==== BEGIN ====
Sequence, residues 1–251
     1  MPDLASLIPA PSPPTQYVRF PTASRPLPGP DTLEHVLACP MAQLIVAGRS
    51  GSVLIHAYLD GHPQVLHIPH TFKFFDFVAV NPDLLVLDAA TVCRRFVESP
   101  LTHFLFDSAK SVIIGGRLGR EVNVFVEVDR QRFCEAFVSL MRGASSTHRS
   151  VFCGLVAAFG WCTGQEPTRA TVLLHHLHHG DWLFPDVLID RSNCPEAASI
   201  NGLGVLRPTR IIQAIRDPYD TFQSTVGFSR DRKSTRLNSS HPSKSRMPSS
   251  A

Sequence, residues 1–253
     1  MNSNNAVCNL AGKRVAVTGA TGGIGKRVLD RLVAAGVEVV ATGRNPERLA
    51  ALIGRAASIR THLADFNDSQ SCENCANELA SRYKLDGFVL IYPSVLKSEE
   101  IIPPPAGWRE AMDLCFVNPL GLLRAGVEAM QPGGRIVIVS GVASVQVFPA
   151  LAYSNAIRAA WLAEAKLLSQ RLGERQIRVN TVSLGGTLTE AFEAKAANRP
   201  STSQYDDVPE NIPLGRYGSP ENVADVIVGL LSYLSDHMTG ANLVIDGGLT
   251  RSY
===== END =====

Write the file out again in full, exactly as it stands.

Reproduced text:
Sequence, residues 1–251
     1  MPDLASLIPA PSPPTQYVRF PTASRPLPGP DTLEHVLACP MAQLIVAGRS
    51  GSVLIHAYLD GHPQVLHIPH TFKFFDFVAV NPDLLVLDAA TVCRRFVESP
   101  LTHFLFDSAK SVIIGGRLGR EVNVFVEVDR QRFCEAFVSL MRGASSTHRS
   151  VFCGLVAAFG WCTGQEPTRA TVLLHHLHHG DWLFPDVLID RSNCPEAASI
   201  NGLGVLRPTR IIQAIRDPYD TFQSTVGFSR DRKSTRLNSS HPSKSRMPSS
   251  A

Sequence, residues 1–253
     1  MNSNNAVCNL AGKRVAVTGA TGGIGKRVLD RLVAAGVEVV ATGRNPERLA
    51  ALIGRAASIR THLADFNDSQ SCENCANELA SRYKLDGFVL IYPSVLKSEE
   101  IIPPPAGWRE AMDLCFVNPL GLLRAGVEAM QPGGRIVIVS GVASVQVFPA
   151  LAYSNAIRAA WLAEAKLLSQ RLGERQIRVN TVSLGGTLTE AFEAKAANRP
   201  STSQYDDVPE NIPLGRYGSP ENVADVIVGL LSYLSDHMTG ANLVIDGGLT
   251  RSY